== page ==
Cher was actually there, last Friday she visited the Marghazar Zoo in Islamabad and also the Pakistani Prime Minister Imran Khan, one Celebrity own order. The pop singer and the former world-class cricket player routinely produced images of a relaxed conversation in the garden of Khan’s official residence. But the star of the past weekend was Kaavan, a 36-year-old elephant who had vegetated in recent years in the zoo of Islamabad.
In the end, many wanted to say goodbye, for example Pakistani President Arif Alvi, after all, Kaavan had once been a kind of diplomatic gift. Cher sang something to the animal, some visitors still knew Kaavan as a very small elephant. Finally, on Sunday, Dr. Frank Göritz sedated. Göritz is the senior veterinarian of the Berlin “Leibniz Institute for Zoo and Wildlife Research” and a specialist in stunning large animals without completely paralyzing them. Kaavan was then led into a specially constructed transport box, a process that had been trained weeks beforehand.
Kaavan was loaded onto a truck together with the box. Shortly after 9 p.m., a small trek, escorted by the military, started moving towards the airport.
Marion Lombard, project manager at the animal welfare organization “Vier Pfoten” and one of the elephants’ carers, reported on the way to the airport that the animal was fine, that it was awake again, “but calmed down with a tranquilizer”. At midnight the transport box was in the belly of an Ilyushin Il-76 loaded, a Russian transport plane that was cheaper than the Antonov An-124that was originally intended.
The plane took off at four in the morning to fly Kaavan to Cambodia for the final years of his life. In addition to Marion Lombard, Frank Göritz and the veterinarian Amir Khalil, who had looked after Kaavan in the past few weeks and repeatedly sang songs by Frank Sinatra to him, went on board. So that the animal could get used to him.
This was preceded by a long-term rescue mission of many people, from Pakistani animal rights activists, from the international animal welfare organization “Four Paws” based in Vienna and from Cher. Sent to Pakistan as a gift from Sri Lanka under autocrats in 1985, Kaavan became an attraction at Islamabad Zoo. He even got a partner who died in 2012.
But even before that, Kaavan was no longer well cared for: his guards stole food from him, he was not properly cared for and mostly stood chained in his mud hut, pressed his head against the wall or “wove” like veterinarians the steady moving to and fro Call head. Elephants do this to produce endorphins when they are terribly bored. The mighty animals can stand dead. When their nails grow too long and crack, bacteria invade and die miserably.
Finally, the Islamabad Wildlife Management Board (IWMB) called “Four Paws” for help. The committed animal rights activist Cher became aware of the story, and the “loneliest elephant in the world” suddenly became very public. Unfortunately there are animals all over the world that are not doing well in zoos or in private homes, and besides Kaavan, other animals were badly treated in the Marghazar Zoo. But the employees of “Vier Pfoten” concentrate on the feasibility of relief actions, a prominent case like Kaavan, in the best case scenario, helps the entire organization and thus also other animals.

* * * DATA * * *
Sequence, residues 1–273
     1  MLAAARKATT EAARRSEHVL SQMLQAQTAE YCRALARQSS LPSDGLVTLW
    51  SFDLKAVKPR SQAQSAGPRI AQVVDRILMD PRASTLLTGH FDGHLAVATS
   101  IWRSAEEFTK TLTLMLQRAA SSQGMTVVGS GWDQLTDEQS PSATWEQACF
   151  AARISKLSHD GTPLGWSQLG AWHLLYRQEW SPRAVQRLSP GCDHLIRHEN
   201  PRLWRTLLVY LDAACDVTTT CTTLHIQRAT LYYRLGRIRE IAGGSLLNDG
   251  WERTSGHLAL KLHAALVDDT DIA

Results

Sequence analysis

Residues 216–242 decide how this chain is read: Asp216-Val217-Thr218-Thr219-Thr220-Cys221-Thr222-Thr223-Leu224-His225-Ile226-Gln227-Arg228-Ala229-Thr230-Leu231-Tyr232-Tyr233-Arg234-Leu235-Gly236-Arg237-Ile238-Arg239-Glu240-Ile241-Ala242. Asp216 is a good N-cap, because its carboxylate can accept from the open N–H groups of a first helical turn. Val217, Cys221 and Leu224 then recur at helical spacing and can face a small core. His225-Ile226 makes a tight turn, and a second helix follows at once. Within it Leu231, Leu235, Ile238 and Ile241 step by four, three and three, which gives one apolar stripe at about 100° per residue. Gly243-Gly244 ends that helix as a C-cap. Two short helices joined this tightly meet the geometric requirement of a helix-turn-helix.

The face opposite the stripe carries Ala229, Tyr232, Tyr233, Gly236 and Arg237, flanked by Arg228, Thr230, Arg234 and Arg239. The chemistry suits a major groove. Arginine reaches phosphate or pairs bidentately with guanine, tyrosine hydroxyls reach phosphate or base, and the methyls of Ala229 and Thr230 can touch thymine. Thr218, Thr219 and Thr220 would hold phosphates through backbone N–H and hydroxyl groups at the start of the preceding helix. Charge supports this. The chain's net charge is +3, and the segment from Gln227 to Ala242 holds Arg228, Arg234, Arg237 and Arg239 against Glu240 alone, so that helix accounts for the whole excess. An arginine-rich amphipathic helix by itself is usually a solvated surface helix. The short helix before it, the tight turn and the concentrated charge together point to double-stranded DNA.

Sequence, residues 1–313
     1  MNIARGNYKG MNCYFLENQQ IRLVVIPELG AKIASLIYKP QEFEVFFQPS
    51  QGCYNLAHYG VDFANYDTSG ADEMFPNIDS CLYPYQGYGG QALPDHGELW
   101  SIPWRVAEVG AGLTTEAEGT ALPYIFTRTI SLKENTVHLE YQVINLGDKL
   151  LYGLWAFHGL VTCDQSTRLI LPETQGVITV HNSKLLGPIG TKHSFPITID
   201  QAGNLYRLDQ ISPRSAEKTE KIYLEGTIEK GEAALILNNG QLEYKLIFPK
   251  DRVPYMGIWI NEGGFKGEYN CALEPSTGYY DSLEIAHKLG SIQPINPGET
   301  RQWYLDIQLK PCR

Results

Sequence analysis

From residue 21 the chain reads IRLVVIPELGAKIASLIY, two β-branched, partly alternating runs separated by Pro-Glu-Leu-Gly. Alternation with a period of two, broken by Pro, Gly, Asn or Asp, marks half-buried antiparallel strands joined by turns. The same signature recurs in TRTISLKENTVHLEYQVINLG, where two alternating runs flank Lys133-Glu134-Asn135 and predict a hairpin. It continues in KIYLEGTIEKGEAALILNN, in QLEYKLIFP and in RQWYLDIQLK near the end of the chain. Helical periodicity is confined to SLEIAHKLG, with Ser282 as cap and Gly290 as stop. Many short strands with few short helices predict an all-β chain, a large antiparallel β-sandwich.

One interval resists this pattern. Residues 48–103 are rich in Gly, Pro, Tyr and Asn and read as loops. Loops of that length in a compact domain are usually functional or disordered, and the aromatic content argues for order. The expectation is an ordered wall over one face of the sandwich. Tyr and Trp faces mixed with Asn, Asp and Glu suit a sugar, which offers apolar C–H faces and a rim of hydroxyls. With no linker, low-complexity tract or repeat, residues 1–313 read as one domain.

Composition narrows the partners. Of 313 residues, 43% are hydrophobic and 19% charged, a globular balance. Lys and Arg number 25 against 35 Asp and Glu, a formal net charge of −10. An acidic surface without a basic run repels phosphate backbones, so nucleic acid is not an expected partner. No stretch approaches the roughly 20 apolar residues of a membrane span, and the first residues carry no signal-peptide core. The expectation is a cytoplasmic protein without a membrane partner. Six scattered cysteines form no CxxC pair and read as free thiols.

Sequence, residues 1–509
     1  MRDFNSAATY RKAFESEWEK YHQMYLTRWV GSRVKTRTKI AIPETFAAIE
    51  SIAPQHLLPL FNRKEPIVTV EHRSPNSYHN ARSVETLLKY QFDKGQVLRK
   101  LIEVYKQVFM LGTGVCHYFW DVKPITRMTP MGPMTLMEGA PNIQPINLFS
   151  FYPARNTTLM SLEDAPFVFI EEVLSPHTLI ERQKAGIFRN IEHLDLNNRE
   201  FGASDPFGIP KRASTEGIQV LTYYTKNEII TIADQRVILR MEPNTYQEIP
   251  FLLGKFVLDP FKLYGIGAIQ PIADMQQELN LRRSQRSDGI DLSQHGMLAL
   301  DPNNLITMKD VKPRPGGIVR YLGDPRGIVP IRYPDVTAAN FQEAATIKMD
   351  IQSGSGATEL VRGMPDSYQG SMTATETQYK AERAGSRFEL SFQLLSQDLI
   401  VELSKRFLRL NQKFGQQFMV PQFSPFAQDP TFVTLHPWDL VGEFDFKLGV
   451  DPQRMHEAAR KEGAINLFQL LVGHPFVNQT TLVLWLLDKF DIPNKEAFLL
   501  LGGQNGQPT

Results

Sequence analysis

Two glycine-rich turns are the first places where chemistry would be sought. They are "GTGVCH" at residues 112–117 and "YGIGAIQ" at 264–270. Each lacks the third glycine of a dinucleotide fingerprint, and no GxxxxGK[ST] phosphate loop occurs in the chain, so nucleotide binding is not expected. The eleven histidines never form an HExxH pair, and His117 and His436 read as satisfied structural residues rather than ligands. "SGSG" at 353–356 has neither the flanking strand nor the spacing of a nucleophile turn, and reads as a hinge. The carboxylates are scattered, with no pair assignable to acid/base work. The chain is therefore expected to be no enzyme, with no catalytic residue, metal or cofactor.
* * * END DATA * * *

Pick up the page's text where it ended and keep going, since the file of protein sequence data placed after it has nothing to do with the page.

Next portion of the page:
Amir Khalil, who has already freed animals from all possible emergency situations for “Four Paws”, from the Gaza Strip as well as from Saddam Hussein’s private zoo, knows the criticism that one is so intensely committed to an animal when there is otherwise so much misery the world gives. He told the SZ a few weeks ago: “Humanity is not only shown in the way I treat other people.”
Such a rescue can cost between 300,000 and 500,000 euros. “Vier Pfoten” shares the costs for Kaavan’s relocation with the organization Free The Wild. The US businessman and philanthropist Eric Margolis, who has been a correspondent in Southeast Asia for many years, contributed to the flight costs and the logistics for the relocation of other animals from the Marghazar -Zoo in other regions. Such rescue operations depend heavily on the improvisational and organizational skills of individual participants. Shortly before Kaavan’s departure, the Pakistani authorities intervened because they did not want to let the prominent elephant go so easily. Amir Khalil and Marion Lombard sat a lot in office in Islamabad in November.
At three in the afternoon, nine in the morning in Germany, the Ilyushin finally touched down in Siem Reap, the second largest airport in Cambodia, near the Angkor Wat temple complex.
A somewhat shaky Kaavan was pulled out of the machine in its box, and the somewhat sleepy companions Lombard, Göritz and Khalil made their way with him to the game reserve, where the elephant can hopefully experience a few more peaceful years. In the wild, Asian elephants can turn 50, but Kaavan is quite old for an animal in captivity, at 36 years of age. But his supervisors are not concerned with how many good years he will have. But that he still gets some.